Aggrieved by the Order of the High Court dated 13.05.2016, the Appellant filed an Appeal before the Hon’ble Apex Court on 11.08.2016, wherein the Bench made the following observations:
I) The issue before the Supreme Court in this case appears to revolve around the conflict between the penal provisions of the Prevention of Food Adulteration Act (PFA) and the Food Safety and Standards Act (FSSA) regarding the offence of misbranding of food products.
II) Additionally, the Apex Court discussed a clause in Section 97(4) of the FSSA, stating that no Court shall take cognizance of an offence under the repealed Act of PFA after three years from the commencement of the FSSA. This provision limits the time within which offences under the PFA can be prosecuted after the enforcement of the FSSA.
1) The Appellant was accused of misbranding under Section 2(ix)(k) of the Prevention of Food Adulteration Act (PFA). The corresponding provision in the Food Safety and Standards Act (FSSA) is clause (zf) of Section 3, which defines “misbranded food.”
2) Under Section 16(1)(i) of the PFA, misbranding is punishable with imprisonment and imposition of fine. Section 52 of FSSA provides for a penalty for misbranded food without imprisonment, with a maximum penalty of Rs. 3 Lakhs. The Court noted the inconsistency between the penal provisions of the PFA and the FSSA regarding misbranding.
3) The Court invoked Section 89 of the FSSA, which states that the provisions of the FSSA will have an overriding effect notwithstanding anything inconsistent in any other law. Emphasized that in cases of inconsistency, the provisions of the FSSA would prevail over those of the PFA. Section 97(4) of the FSSA imposes a three-year limitation on taking cognizance of offences under the repealed PFA.
4) The Court addressed the issue of potential double jeopardy if a person could be subjected to punishment under both the PFA and the FSSA for the same misbranding offence. The Court concluded that in cases where the offence of misbranding is committed after enforcement of the FSSA, the penal provisions of the FSSA would override those of the PFA. The Court quashed the proceedings under the PFA, stating that the violator would be liable to pay a penalty under the FSSA, not subject to imprisonment.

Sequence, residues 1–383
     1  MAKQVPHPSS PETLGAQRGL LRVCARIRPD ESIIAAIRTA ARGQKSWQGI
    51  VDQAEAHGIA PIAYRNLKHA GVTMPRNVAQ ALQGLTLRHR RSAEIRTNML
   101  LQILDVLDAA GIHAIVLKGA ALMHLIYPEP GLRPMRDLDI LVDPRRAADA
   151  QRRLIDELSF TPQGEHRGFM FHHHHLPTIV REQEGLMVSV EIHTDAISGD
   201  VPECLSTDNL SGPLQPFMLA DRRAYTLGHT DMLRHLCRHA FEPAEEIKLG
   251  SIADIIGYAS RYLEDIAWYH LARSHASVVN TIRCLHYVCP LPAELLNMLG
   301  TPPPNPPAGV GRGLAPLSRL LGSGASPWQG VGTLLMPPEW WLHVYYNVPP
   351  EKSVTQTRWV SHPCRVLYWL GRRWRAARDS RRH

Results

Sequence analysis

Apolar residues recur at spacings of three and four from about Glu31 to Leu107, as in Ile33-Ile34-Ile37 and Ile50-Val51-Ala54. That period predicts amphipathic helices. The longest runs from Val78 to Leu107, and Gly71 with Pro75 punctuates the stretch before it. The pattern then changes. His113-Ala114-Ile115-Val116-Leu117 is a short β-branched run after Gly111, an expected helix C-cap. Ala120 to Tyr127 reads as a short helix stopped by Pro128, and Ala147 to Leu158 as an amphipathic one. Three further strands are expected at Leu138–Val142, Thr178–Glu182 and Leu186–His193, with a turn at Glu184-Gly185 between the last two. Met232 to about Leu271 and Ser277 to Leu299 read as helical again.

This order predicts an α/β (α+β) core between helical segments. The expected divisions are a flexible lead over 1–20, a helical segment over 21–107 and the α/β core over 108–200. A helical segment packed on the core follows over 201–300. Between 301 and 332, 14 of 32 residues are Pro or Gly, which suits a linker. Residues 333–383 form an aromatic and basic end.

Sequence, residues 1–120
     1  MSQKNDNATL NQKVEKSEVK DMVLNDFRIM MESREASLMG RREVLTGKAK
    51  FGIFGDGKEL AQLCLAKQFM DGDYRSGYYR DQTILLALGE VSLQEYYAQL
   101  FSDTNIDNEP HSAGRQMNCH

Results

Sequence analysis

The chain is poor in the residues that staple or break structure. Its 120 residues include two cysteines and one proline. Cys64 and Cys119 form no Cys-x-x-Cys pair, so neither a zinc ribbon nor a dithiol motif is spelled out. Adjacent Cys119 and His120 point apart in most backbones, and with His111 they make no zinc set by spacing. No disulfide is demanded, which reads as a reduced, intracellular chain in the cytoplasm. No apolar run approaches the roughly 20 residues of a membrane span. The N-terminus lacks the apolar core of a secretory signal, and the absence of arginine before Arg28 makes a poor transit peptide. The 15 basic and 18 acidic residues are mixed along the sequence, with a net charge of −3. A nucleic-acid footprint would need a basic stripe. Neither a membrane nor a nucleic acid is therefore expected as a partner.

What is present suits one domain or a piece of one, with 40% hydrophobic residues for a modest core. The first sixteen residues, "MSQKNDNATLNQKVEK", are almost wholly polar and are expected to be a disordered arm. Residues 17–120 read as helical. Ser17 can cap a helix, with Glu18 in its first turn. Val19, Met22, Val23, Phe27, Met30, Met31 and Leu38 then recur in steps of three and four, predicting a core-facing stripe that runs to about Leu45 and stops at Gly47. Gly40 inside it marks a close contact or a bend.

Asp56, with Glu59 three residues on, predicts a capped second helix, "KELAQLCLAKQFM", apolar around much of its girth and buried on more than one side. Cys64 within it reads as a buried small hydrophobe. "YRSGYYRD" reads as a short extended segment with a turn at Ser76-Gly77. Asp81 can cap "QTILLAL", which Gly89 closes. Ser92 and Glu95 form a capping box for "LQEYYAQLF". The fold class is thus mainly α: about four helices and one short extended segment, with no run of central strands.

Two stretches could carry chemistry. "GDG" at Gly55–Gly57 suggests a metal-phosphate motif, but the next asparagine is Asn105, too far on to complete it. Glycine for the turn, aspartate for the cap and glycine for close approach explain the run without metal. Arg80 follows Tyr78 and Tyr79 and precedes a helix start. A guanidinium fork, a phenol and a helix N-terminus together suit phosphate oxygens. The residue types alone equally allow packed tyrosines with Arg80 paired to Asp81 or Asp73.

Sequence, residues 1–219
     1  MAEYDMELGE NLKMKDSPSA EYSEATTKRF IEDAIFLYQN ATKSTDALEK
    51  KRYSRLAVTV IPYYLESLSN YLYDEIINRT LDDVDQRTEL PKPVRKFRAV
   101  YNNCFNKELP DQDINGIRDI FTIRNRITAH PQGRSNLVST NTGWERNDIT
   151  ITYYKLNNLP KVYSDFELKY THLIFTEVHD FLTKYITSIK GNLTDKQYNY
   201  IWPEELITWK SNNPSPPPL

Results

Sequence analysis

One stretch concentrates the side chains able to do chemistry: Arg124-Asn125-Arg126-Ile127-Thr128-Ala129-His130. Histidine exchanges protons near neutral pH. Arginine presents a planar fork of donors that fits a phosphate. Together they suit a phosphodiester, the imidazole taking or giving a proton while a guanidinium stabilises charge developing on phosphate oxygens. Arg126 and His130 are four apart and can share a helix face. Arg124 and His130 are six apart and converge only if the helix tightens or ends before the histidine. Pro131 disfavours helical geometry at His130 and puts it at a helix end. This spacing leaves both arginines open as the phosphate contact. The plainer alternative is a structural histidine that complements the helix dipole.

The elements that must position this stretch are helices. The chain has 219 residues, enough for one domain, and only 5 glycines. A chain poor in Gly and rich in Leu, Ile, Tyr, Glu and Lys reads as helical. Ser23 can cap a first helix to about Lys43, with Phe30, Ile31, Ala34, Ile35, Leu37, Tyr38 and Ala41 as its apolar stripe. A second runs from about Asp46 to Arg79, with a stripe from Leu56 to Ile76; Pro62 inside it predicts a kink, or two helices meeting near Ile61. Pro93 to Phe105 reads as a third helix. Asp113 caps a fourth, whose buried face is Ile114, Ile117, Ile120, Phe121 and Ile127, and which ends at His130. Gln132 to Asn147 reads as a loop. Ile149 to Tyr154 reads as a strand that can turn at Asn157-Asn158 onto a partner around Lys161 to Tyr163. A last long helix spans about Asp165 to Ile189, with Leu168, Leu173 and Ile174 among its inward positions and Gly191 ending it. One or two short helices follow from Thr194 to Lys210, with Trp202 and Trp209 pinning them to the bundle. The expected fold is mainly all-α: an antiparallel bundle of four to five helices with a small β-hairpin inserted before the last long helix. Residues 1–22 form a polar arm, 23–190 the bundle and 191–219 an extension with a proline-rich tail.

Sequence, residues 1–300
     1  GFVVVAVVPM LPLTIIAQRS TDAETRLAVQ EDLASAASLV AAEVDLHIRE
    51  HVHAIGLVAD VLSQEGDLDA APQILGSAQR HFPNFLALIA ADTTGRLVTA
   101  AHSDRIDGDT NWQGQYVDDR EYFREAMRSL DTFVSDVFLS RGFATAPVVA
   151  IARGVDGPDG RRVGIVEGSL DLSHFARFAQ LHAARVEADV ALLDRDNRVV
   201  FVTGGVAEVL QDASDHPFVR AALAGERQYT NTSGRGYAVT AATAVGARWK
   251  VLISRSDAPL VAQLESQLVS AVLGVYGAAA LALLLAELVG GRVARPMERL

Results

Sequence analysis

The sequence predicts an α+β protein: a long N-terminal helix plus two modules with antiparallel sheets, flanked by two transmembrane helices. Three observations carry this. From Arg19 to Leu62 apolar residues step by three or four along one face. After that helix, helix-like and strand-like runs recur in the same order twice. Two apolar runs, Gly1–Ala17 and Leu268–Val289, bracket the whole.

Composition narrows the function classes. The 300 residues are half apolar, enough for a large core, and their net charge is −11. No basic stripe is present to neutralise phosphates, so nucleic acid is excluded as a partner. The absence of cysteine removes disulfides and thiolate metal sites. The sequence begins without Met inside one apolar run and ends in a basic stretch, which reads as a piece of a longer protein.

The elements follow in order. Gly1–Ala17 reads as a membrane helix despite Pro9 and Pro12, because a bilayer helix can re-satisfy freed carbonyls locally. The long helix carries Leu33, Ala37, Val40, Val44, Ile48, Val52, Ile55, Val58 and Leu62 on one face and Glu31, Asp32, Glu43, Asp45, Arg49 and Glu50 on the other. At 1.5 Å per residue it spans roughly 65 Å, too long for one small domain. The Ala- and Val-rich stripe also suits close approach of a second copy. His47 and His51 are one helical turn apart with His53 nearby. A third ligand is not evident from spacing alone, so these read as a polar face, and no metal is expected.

5) The Court clarified that this judgment would not prevent authorities under the FSSA from taking recourse to Section 52 thereof in accordance with the law.
Based on afore-mentioned observations, the Apex Court concluded that in cases where the offence of misbranding is committed after enforcement of the Food Safety and Standards Act (FSSA), the FSSA penal provisions would prevail over those of the repealed Prevention of Food Adulteration Act (PFA). The Court invoked Section 89 of the FSSA, emphasizing its overriding effect in cases of inconsistency with other laws. The three-year limitation under Section 97(4) of the FSSA was noted, thereby, restricting the period for taking cognizance of offences under the repealed PFA. The Court addressed potential double jeopardy concerns and quashed the proceedings under PFA, thereby, clarifying that the violator would be liable to pay a penalty under the FSSA without imprisonment.
This judgment highlighted the legal precedence of the FSSA’s provisions and affirmed that the FSSA’s penalties would be applicable to offences of misbranding committed after its enforcement. The decision provided a clear legal interpretation of conflicting statutes, thereby, ensuring uniformity and clarity in the application of penal consequences for food misbranding.
The Indian Lawyer